Glaxo Fight over AIDS Drug in Ghana the ‘Latest Skirmish’ in a ‘Contentious’ War
Amidst a "wrenching" international debate over how to supply African nations with expensive antiretroviral drugs, pharmaceutical giant Glaxo Wellcome has ignited a "new controversy" by attempting to block the availability of generic versions of its "top-selling" medicine Combivir in Ghana, the Wall Street Journal reports. In letters to Healthcare Ltd., a drug distributor in Ghana, and Indian generic drug manufacturer Cipla Ltd., Glaxo called sales of generic versions of Combivir in the African nation "illegal" and a violation of company patents. Cipla ceased selling the generic drug in Ghana after receiving the letter, but officials at the African Regional Industrial Property Organization, the group that issued Glaxo's patents on Combivir, deemed the patents "invalid" in Ghana and said that they "don't apply." Calling Glaxo's efforts "wrong," Christopher Kiige, head patent examiner at ARIPO, said, "If (Glaxo officials) went to court, they would lose." A Glaxo spokesperson disagreed but declined to provide any legal documentation to support the company's stance. "Glaxo has called out the dogs," Toby Kasper, an activist with Doctors Without Borders, said, adding that the incident "goes a long way to explaining why there is so much skepticism in the developing world towards the negotiations" with drug companies.
Let's Make a Deal
The recent "clash" between Glaxo and Cipla in Ghana marks only the "latest skirmish" over one of the most "contentious" issues in sub-Saharan Africa, a dispute that remains largely unresolved. During the past year, under "intense pressure," five major drug firms -- including Glaxo, Bristol-Myers Squibb Co., Merck & Co., Boehringer Ingelheim and Roche -- offered to sell HIV drugs to African nations at a discounted price, fearing that the nations would turn to companies peddling generic versions of their medicines, Wall Street Journal reports. Only Senegal and Uganda (see story #4) have accepted the deal, and several nations, like Ghana, have already started to "explore the option" of generics, prompting pharmaceutical companies to cry foul. Arguing that the shift to generic products violates patents and international intellectual property agreements, drug firms contend that without such protections, they will have "no incentive" to invest the hundreds of millions of dollars required to bring new products to the market. "The companies are sensitive about a pattern starting to develop where countries use generics," AlphaVax Inc. CEO Peter Young said. For Glaxo, Combivir has become "increasingly valuable" with total worldwide sales of the antiretroviral and its two component drugs, AZT and 3TC, expected to top $1.1 billion this year, up from $775 million in 1997, according to IMS Health. However, public health officials and AIDS activists have advised African nations to purchase generic medicines -- regardless of whether they would violate patent protections.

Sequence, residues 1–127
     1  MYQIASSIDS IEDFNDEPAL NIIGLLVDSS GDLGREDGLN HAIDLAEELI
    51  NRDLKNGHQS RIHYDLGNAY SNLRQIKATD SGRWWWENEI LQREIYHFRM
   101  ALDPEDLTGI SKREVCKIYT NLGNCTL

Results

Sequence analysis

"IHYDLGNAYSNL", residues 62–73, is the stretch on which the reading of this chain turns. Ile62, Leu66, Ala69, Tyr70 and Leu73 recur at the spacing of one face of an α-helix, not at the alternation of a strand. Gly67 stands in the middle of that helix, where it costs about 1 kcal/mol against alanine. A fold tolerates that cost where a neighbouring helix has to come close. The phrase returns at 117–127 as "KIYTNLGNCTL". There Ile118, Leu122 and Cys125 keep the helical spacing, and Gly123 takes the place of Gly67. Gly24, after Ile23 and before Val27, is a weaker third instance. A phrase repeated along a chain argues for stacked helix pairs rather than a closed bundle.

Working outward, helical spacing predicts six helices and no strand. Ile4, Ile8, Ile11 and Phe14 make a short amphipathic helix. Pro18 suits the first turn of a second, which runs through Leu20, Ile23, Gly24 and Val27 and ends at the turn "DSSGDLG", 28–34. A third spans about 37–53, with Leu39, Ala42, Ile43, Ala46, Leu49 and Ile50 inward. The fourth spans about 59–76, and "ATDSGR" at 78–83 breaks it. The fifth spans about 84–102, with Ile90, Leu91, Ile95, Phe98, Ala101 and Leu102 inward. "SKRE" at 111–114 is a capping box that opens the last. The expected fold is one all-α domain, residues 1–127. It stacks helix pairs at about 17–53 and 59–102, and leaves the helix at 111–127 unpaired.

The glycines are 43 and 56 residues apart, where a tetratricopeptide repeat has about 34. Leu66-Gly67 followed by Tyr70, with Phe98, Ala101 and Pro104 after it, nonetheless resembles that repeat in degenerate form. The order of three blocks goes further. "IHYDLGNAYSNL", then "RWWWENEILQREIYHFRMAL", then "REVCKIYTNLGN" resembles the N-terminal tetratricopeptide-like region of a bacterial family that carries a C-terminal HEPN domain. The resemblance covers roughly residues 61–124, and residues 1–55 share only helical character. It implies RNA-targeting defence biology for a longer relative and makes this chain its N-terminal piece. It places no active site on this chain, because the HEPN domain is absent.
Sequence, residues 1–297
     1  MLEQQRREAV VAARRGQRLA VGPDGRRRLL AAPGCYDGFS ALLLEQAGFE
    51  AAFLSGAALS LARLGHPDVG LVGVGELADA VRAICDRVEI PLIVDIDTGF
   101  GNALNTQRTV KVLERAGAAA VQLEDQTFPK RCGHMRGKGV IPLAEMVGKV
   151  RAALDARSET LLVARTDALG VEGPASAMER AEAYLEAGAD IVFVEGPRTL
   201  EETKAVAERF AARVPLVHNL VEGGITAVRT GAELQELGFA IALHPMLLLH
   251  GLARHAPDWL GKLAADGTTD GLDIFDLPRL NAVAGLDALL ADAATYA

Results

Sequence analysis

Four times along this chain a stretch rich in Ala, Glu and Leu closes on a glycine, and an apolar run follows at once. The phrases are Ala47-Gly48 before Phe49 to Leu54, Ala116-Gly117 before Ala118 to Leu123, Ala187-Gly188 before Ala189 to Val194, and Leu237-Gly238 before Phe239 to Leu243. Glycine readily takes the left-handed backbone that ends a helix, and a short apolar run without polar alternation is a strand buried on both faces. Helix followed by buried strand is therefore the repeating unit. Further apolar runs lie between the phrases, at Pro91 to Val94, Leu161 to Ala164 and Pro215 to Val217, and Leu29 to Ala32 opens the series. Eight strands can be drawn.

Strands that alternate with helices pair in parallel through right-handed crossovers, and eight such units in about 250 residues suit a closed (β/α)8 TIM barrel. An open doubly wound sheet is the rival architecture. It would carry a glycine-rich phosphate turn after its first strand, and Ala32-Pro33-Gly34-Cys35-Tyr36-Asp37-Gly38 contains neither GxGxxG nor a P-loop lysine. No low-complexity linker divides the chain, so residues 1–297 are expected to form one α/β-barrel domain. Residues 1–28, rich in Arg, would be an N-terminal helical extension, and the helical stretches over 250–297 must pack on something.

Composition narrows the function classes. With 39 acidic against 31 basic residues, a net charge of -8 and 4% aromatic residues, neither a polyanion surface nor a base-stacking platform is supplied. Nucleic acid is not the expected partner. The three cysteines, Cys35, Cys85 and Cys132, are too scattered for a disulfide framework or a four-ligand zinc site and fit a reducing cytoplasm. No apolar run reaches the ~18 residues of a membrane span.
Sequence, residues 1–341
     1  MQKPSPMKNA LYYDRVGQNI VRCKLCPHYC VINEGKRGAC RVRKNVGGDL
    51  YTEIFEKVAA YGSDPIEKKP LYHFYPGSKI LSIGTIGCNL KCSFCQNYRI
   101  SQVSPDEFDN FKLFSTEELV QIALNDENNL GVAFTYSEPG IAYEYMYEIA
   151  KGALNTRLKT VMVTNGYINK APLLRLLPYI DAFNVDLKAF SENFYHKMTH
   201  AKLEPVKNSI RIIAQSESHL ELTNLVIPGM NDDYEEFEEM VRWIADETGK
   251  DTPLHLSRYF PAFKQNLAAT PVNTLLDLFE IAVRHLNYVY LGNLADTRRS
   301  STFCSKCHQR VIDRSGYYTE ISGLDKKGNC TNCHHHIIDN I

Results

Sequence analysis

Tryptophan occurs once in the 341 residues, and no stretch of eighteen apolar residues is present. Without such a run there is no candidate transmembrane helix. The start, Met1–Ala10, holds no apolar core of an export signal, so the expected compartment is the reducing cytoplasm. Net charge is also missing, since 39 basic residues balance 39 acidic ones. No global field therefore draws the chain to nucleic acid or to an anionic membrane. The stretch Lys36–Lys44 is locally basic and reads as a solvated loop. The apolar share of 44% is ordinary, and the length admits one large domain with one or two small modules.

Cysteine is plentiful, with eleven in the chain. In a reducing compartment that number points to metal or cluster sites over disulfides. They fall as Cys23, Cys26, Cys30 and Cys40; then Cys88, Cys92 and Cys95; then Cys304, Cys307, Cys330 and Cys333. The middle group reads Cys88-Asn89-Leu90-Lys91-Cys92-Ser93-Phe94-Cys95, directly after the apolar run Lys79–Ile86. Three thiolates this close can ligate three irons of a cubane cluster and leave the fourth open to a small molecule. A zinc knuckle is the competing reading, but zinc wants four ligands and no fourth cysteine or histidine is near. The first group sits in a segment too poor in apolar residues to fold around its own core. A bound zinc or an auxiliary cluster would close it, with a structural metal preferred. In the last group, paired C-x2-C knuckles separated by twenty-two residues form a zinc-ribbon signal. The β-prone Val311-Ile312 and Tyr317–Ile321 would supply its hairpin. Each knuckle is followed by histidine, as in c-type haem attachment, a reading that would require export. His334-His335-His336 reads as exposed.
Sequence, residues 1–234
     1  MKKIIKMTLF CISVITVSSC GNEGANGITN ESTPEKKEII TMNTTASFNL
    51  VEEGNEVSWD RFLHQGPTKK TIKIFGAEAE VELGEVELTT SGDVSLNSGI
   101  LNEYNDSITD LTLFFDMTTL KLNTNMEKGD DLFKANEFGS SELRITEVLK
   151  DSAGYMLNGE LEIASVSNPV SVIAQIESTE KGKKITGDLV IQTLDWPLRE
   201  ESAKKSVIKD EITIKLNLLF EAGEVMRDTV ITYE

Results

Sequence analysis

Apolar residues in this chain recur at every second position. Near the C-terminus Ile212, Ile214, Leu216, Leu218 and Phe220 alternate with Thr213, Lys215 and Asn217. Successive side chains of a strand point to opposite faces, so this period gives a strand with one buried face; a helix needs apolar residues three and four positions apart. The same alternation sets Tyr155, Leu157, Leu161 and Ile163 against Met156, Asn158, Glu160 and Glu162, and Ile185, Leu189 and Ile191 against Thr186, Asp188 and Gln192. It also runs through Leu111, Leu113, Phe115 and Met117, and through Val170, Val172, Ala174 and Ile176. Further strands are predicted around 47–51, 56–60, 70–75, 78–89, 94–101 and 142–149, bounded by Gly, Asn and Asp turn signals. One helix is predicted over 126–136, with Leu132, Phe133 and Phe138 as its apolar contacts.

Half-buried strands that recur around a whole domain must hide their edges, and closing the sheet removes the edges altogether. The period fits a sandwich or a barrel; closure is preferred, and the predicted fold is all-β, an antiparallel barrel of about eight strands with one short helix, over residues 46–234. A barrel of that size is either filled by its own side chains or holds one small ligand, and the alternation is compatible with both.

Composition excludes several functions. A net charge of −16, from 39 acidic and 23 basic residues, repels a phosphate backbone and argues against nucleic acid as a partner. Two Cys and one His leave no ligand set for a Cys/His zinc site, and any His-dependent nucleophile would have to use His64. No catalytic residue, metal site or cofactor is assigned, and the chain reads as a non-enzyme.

Gunning for Cipla?
According to some industry analysts, Glaxo may have "moved so aggressively" in Ghana to halt Cipla because it is one of the world's major manufacturers of generic drugs with the "stature" and "ability" to market its products throughout Africa. Glaxo denied the allegation, arguing that the company only hopes to "protect patents in a routine fashion" (Schoofs, Wall Street Journal, 12/1).